On Monday morning, Flemish Education Minister Ben Weyts announced the new attainment targets for Dutch-speaking schools – called "minimum goals" from now on – for pupils from the third to sixth years of secondary school (ages 14 to 18) after Belgium's Constitutional Court dropped them before the summer.
Flanders' previous attainment targets (the minimum goals pupils have to achieve in every subject at the end of the school year) were dropped in June 2022 as the Constitutional Court ruled that they violated the fundamental right to freedom of education.
"We remain ambitious for a higher standard of education and we dare to make choices," Weyts said. "The priorities are Dutch, languages and maths-sciences. These are the foundation of all the other subjects."
The new goals start from the existing final attainment levels and will focus on the three "most crucial" ones: Dutch, languages and the so-called STEM subjects (Science, Technology, Engineering and Mathematics).
Schools will be encouraged to go far beyond the minimum targets: "We emphasise that schools are allowed to go much further than the government demands. There is still plenty of room for a school to have their own pedagogical project."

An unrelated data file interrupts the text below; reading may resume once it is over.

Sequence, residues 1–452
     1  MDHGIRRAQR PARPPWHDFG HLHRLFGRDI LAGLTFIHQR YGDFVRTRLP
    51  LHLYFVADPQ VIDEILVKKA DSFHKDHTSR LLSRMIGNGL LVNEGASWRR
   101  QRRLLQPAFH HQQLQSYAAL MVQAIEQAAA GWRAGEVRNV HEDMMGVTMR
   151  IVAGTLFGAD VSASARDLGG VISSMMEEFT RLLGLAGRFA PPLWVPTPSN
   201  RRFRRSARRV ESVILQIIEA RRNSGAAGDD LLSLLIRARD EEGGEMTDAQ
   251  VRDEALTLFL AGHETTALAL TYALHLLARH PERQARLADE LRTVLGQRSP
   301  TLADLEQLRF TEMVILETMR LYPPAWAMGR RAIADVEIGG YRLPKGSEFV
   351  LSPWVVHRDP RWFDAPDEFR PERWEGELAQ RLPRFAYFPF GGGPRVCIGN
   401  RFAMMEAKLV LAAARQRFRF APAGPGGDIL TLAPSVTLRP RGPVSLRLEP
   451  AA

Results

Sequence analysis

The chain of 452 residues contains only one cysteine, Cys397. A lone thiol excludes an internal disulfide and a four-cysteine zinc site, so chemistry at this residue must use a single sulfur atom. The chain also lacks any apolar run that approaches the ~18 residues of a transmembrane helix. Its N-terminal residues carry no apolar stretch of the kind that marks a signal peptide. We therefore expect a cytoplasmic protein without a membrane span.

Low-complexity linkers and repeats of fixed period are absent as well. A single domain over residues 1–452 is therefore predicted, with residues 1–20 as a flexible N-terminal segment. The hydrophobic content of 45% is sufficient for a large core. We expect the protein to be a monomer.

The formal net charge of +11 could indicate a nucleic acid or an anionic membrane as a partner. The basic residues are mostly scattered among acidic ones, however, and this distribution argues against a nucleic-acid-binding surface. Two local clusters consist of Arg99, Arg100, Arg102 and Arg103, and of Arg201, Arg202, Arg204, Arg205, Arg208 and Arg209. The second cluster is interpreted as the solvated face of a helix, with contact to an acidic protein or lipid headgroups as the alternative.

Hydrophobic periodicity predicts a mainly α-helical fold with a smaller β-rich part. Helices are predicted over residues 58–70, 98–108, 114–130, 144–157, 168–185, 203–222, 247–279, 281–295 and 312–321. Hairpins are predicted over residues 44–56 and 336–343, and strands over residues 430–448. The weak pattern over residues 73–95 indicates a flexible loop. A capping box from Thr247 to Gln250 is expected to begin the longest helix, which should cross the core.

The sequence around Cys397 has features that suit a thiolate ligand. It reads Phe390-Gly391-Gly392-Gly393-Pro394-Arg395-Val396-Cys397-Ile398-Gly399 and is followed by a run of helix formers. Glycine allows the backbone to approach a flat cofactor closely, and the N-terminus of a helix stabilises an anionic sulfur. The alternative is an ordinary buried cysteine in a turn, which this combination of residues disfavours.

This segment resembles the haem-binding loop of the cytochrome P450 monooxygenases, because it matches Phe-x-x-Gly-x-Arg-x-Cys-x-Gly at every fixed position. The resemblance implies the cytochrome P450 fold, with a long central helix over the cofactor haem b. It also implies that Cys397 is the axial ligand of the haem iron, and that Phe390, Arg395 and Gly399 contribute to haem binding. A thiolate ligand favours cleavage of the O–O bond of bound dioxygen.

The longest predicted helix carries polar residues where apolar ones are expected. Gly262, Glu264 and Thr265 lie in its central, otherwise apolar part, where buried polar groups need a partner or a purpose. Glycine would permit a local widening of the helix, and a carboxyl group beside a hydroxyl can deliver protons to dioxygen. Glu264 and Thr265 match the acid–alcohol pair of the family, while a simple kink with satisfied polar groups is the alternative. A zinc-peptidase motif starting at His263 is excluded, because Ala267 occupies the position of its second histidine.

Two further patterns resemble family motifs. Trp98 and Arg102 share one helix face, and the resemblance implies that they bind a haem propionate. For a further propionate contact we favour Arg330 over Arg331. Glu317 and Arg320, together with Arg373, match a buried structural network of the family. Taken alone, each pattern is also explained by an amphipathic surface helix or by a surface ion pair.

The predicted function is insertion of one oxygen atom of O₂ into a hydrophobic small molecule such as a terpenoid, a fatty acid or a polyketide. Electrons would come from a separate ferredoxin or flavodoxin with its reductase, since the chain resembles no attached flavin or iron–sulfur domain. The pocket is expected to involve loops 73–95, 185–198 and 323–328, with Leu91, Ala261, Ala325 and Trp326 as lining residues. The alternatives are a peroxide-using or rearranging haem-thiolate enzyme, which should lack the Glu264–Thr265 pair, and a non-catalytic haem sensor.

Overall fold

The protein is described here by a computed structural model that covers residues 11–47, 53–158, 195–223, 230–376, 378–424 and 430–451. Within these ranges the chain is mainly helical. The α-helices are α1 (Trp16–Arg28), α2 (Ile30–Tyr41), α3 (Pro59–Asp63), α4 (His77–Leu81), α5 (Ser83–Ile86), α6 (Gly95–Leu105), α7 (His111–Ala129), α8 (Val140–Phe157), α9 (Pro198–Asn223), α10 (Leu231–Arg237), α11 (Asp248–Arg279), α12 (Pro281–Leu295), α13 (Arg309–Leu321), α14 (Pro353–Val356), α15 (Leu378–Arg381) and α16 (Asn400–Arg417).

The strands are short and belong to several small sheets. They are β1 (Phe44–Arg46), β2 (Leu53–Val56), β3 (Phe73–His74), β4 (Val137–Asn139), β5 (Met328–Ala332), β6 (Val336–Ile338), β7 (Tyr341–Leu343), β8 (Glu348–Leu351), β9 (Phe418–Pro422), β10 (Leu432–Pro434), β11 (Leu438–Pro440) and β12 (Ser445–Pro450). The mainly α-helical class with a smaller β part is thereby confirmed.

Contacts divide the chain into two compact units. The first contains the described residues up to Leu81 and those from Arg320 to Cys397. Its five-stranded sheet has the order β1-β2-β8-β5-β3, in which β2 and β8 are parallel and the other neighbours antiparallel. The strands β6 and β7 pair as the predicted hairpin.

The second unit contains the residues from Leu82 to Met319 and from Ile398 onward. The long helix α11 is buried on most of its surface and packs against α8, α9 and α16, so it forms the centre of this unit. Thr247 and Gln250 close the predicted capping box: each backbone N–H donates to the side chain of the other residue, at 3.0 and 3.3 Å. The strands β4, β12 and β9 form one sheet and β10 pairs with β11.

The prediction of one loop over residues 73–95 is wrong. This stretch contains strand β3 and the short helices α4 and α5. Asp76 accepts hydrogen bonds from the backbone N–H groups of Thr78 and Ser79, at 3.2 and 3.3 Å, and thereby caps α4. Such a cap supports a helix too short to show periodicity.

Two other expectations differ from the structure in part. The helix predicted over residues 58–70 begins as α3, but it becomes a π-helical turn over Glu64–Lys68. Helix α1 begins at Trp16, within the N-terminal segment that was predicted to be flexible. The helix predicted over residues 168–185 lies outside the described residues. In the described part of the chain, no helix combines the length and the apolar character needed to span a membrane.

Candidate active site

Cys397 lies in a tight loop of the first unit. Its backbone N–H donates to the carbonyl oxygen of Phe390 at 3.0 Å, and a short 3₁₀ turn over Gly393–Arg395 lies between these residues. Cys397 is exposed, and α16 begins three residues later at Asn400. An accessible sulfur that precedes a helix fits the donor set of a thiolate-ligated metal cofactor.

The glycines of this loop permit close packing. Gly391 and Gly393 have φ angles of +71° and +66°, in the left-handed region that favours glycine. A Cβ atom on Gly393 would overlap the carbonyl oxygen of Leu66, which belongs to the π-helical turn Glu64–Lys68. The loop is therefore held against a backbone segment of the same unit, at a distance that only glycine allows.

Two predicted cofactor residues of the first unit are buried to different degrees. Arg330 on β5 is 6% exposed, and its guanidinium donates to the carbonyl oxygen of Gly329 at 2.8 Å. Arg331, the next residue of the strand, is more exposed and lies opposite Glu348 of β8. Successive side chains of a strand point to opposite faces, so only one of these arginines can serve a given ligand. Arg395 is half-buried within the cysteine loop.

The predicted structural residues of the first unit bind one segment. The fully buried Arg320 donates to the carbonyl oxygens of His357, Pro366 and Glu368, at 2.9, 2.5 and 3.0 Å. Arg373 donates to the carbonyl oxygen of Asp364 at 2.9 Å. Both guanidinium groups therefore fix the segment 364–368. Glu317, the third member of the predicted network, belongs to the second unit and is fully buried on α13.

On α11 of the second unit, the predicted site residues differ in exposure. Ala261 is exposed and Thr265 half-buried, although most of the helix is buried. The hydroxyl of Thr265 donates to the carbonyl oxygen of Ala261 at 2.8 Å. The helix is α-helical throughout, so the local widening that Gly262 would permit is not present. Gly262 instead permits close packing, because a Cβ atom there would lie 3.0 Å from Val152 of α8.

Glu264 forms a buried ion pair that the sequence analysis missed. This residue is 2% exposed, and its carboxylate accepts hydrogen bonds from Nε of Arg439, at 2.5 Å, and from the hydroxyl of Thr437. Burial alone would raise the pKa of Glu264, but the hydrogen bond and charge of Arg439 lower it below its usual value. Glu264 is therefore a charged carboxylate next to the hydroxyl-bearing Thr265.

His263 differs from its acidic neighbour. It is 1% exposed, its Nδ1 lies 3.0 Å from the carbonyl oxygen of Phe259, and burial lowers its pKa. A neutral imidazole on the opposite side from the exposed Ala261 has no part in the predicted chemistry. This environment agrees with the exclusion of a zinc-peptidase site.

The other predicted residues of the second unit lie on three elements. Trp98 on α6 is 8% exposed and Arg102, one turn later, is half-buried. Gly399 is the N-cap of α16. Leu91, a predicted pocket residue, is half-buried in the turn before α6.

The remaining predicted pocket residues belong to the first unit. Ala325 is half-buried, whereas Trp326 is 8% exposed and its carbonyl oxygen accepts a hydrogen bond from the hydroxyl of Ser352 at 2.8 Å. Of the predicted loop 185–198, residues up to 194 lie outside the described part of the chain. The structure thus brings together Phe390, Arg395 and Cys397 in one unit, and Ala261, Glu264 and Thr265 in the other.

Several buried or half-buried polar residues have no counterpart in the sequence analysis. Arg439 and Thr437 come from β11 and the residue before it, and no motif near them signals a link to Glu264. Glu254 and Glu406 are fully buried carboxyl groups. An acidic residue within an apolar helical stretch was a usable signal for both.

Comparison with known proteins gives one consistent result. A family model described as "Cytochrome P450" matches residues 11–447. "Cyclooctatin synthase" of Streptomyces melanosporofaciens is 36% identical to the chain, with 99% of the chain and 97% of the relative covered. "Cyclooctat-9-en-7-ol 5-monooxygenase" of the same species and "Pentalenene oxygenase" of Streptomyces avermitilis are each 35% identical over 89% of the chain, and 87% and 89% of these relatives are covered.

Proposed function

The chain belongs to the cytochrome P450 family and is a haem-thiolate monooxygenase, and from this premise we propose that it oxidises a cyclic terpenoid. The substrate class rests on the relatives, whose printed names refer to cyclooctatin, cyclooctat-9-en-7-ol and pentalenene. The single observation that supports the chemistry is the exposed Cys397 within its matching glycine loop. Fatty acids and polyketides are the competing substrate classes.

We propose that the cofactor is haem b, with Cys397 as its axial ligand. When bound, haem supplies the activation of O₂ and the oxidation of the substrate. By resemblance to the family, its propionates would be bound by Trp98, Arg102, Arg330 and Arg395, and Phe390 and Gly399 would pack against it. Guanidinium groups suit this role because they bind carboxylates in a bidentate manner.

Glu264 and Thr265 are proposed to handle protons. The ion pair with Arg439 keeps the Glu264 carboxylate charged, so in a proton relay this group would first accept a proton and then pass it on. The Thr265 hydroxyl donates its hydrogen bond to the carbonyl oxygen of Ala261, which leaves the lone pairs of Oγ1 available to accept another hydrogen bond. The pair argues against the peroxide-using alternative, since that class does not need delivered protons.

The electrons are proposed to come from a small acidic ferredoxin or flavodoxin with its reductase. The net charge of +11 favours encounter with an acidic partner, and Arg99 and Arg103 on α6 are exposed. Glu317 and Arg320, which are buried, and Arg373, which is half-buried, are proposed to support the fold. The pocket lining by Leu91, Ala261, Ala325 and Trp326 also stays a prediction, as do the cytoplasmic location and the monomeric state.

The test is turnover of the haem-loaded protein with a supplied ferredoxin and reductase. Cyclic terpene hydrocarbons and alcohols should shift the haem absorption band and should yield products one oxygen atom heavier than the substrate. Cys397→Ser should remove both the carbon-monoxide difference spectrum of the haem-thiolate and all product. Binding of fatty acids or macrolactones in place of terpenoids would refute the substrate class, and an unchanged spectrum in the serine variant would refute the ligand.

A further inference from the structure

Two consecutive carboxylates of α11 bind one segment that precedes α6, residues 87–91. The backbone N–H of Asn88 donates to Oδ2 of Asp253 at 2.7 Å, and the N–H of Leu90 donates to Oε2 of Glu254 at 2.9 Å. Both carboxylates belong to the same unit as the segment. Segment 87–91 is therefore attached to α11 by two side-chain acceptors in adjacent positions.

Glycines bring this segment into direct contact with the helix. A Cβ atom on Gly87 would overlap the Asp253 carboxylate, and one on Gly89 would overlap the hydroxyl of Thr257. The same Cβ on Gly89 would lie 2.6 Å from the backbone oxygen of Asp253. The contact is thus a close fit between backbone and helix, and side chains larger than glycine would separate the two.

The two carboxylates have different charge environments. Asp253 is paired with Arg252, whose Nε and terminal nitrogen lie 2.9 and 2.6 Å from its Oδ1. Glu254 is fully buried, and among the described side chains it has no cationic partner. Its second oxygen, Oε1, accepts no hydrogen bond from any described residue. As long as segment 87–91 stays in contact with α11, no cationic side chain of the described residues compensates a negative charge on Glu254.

Catholic Education Flanders (one of the associations that took issue with the previous attainment levels) welcomed the new approach in a press release: "Educational quality has nothing to do with the quantity of attainment targets, it is about how deep you go into subjects... For that, you need sufficient teaching time: only then can you support pupils who struggle and help those who can do more to excel."
- Constitutional Court annuls Flanders' attainment targets for secondary school
- Brussels to reimburse teacher training to tackle sector shortages
- Fewer and fewer Walloon pupils learn Dutch as a second language
In the coming weeks and months, a committee of Flemish education organisations will submit a concrete proposal of reduced and simplified minimum targets to the development committees (which include scientific experts, teachers and representatives of the education umbrella associations).